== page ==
Well they are one of those rare artists where of course they have songs to suit both. It’s interesting actually- I think in the smaller shows the music becomes more of a focus which is so great, but seeing a Coldplay show now is so much more than just music- it’s an experience isn’t it. Everything they strive to do in terms of production and the spectacle aspect of it is really mind blowing, and everything is done to enhance the music, so I think for me- it feels like the stadium shows really allow them to push beyond the music and into something that really feels like you have had a human experience, and been part of something communal and special and intimate even though you have shared it with 80000 other people. Of course you can achieve that through the music at the smaller shows too but to do it and feel it on such a big scale is really awe inspiring.

You travelled with the band for several months and many concerts on this Mylo Xylo Tour. Who chose these particular locations for each song, and why ?

When we made the film  we really wanted to give people the sense of movement and travel, and never staying in the same place for too long. The idea of a journey and a sense of being on an adventure where you don’t quite know what is going to happen next is exciting to watch. I plotted the structure of the film, and it was important to us that we made sure that we either had a bit of documentary or moved to a new location every couple of songs, so things were constantly evolving.


What’s your favorite part of the tour/shoot ?

I think my favourite part of the tour was being on stage behind the piano as Chris played the start of Fix You, and just looking out and seeing 70000 people singing. It’s giving me chills even now just thinking about it. So emotional and wonderful. I feel very lucky to still get to have experiences like that, and I can remember it so clearly.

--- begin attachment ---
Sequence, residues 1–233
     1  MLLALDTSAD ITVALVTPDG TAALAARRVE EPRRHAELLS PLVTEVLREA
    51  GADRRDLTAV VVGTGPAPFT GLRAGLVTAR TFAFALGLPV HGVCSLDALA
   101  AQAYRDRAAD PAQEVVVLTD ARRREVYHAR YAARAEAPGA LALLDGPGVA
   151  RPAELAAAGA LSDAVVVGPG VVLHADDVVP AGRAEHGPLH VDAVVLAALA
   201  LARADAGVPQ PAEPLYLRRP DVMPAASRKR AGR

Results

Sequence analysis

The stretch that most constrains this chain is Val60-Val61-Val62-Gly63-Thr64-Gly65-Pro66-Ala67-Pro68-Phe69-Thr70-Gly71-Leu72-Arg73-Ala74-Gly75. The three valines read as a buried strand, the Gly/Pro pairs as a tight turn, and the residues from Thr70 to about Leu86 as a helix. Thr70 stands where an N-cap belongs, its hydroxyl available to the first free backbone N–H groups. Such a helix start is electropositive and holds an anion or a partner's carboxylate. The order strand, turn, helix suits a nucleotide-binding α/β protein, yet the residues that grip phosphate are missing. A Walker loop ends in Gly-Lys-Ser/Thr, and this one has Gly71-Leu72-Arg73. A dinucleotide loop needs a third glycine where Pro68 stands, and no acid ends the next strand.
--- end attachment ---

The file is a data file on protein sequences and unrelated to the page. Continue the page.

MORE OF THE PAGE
Let’s talk about Ghost Stories. You directed the Ghost Stories Live film in Los Angeles, and received a Grammy Award nomination too. How did you handle the filming, since it was a totally secret gig with only a small audiance ?

I really loved the Ghost Stories film.  I think it was actually fairly easy to handle the secrecy of the shows because we were on a studio complex so it wasn’t like there were lots of people around or other people who could leak it to the public, so I think it always felt fairly simple and secure for my point of view.



Did the band asked specific things, or did they let you a full freedom ?

Where Live 2012 was a document of an existing tour, Ghost Stories we built together from scratch. One of the things that made that project such a huge thrill for me was getting to truly creatively collaborate with the band and the team in making the show. What’s great about that was that the film was the tour, and the tour was the film, so it meant that a lot of the creative decisions were done with the cameras and the capture in mind. It meant we could really make something very bespoke and special. I wouldn’t describe it as full freedom- and I don’t think full freedom would have been the right thing for the project. Collaborating this closely means the project really has the bands DNA running through it. It’s an extension of them and their record, so the result is so much more personal than if I had ‘full freedom’.

We had meetings to discuss it all every week for a couple of months. Sitting around a table at The Bakery with Phil, Misty and the band and really discussing the detail of every aspect of it. For a film maker like me, that’s as good as it gets in terms of creating something that so completely represents a record, and the only other time that has happened so closely was with the Jordan broadcast of Everyday Life.

About Everyday Life. You directed the live in Jordan for the launch of the album. How has this place been chosen, The Amman Citadel (Jabal al-Qal’a), and why not another place ?

There were actually a few other locations discussed. We looked at a bunch of places before we settled on The Amman Citadel. What was important about the location was that it was in a geographical position where there was a meeting of people. Amman is believed to be one of the oldest cities in the world. One of the first places in the world where people gathered on that scale. It was a location chosen for that unity.